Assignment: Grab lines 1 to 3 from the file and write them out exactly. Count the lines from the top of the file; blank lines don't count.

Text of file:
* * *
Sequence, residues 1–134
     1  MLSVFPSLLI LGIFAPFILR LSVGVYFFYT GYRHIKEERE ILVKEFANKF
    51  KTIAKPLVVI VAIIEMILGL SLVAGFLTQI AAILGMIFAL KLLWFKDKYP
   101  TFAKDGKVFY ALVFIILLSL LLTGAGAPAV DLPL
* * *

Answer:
Sequence, residues 1–134
     1  MLSVFPSLLI LGIFAPFILR LSVGVYFFYT GYRHIKEERE ILVKEFANKF
    51  KTIAKPLVVI VAIIEMILGL SLVAGFLTQI AAILGMIFAL KLLWFKDKYP